NIC Notes

Insights in Seniors Housing & Care

By: Bill Kauffman  |  October 19, 2016

Private Buyers Stay Active Even While Sales Transaction Volume and Count Drop

Economic Trends  |  Senior Housing

The preliminary 2016 third-quarter data is in, and it shows that transaction volume continues to slow down in 2016. Public buyers, mainly the public REITs, have led the slowdown, as cost of capital increased, and the number of transactions that suit their strategies declined. But on the private side, buyers continued to stay relatively active in the third quarter.

Private Buyers Remain above $1 Billion in Acquisitions

Private REITs and private owners/partnerships were the headliners in the third quarter, with volume over $1 billion for the 13th straight quarter. While overall volume fell quarter over quarter, the private buyer volume fell the least among all buyer types, with a 7% decline from $1.2 billion to $1.1 billion. Unlike public buyers’ large deals, the most recent transactions by private buyers are smaller but represent a relatively consistent flow.

What’s behind the resiliency of these private buyers? For starters, there is a large amount of private capital searching for yield given the continual low interest rate environment, so commercial real estate, which includes seniors housing and care, has had its fair share of buyers coming into the market. And compared to other commercial property types, seniors housing and, especially, skilled nursing properties have a larger cap-rate spread—higher expected investment returns—which presents a welcome opportunity for many private REITs, hedge funds, and other partnerships.

Also, there are many smaller transactions representing strategic buying and selling—from buyers looking to position themselves to gain market share or reposition a property, or sellers wanting to shed some non-core assets that might be a smaller portfolio or a one-off property sale. 

The public buyer volume, usually dominated by the public REITs, continued to decrease in the third quarter, registering a 48% decline quarter to quarter, from $866 million to $448 million, and an even more significant 74% decline year over year. In comparison, the private buyer decreased by a much smaller 21% year over year.

The institutional buyer volume only decreased 12% quarter over quarter and actually registered more volume in the third quarter than the public buyer.


Fewer than 100 Deals Closed

The number of transactions closed also decreased, as preliminary figures show that fewer than 100 deals closed. It’s important to keep in mind that we usually see some adjustments to these figures as smaller transactions are added into the database after the close of the quarter. However, the deal count currently shows a drop-off in deals from last quarter and also from the third quarter of 2015. There’s some talk of volume being slower because of the lack of large portfolio deals, but transaction counts are seemingly holding up. While we’re not seeing the 130–150 deals closing per quarter as we did the past two years, closing nearly 100 deals per quarter is still fairly robust activity.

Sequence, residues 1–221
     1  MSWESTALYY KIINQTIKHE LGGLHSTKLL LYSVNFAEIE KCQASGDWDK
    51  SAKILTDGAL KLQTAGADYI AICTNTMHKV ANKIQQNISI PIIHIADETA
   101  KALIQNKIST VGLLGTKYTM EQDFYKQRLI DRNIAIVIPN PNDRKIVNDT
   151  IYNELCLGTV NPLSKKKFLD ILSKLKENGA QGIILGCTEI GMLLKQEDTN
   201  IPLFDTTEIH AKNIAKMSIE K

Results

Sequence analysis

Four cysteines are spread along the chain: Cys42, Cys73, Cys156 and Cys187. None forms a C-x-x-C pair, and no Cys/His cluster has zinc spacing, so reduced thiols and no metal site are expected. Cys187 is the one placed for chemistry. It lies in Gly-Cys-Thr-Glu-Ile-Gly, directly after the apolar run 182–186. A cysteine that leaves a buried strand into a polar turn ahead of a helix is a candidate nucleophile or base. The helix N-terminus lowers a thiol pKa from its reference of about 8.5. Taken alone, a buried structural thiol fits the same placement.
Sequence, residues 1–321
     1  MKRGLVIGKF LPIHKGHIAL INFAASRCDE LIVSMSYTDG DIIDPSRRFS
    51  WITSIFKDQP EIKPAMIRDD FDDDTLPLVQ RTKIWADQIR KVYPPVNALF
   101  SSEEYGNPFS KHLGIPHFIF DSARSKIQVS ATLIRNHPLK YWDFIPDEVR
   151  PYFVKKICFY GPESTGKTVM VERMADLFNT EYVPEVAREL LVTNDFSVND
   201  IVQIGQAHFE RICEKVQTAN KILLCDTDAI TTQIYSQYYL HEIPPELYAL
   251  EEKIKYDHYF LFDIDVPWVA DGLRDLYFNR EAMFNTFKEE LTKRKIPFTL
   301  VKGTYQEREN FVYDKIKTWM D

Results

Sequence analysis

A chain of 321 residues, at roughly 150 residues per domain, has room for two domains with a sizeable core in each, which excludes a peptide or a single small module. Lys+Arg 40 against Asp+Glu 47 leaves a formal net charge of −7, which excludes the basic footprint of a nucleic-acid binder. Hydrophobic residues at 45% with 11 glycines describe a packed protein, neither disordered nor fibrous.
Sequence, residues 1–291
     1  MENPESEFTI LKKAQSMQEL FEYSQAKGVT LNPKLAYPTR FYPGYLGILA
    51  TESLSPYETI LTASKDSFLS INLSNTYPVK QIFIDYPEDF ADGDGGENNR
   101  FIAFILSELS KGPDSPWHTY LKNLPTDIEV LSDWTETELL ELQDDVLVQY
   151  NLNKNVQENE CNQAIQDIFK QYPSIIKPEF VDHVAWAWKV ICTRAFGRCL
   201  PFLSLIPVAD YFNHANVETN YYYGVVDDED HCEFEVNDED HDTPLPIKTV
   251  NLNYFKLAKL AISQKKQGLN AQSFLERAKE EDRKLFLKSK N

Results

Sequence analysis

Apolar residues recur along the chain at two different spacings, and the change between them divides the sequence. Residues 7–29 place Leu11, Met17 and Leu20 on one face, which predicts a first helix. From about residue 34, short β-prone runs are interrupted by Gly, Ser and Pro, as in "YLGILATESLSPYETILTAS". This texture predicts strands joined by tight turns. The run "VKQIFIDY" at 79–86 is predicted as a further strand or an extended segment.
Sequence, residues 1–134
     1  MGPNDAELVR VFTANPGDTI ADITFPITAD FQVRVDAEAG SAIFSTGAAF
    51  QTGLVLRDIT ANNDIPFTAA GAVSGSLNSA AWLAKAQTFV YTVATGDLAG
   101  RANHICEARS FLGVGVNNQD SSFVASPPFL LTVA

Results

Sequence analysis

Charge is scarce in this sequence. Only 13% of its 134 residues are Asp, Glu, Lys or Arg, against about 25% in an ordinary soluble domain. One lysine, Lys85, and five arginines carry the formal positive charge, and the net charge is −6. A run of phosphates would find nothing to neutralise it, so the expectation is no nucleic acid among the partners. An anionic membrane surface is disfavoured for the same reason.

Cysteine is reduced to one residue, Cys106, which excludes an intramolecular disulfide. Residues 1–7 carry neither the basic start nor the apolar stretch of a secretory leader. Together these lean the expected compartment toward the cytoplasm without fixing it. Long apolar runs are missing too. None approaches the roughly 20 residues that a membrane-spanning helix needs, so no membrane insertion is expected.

Out of the 96 deals closed in the third quarter, 72 were single property and 24 were portfolio transactions. Single transactions dropped 18% from the prior quarter, when 88 closed. The number of portfolio transactions dropped 14% from 28 to 24. 

Over the past couple of years, closings per quarter averaged 105 single property deals and 29 portfolio deals.

When we look at deal size, it’s clear that the larger transactions in the $1 billion+ range are missing. This include the large Welltower deal, which was announced but did not close in the third quarter. The last time a transaction closed with $1 billion or more in seniors housing and care properties was the Griffin/NHI Trilogy deal in the fourth quarter of 2015. Also in short supply over the past two quarters are deals in the $500 million to $1 billion range. 

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About Bill Kauffman

Senior Principal Bill Kauffman works with the research team in providing research and analysis in various areas including sales transactions and skilled nursing. He has lead roles in creating new and enhanced products and implementation of new processes. Prior to joining NIC he worked at Shelter Development in investing/acquiring, financing, and asset management for over $1 billion in assets. He also had key roles in the value creation and strategic planning and analysis for over 65 entities. He received his Master of Science in Finance from Loyola University Maryland and holds the Chartered Financial Analyst Designation (CFA).

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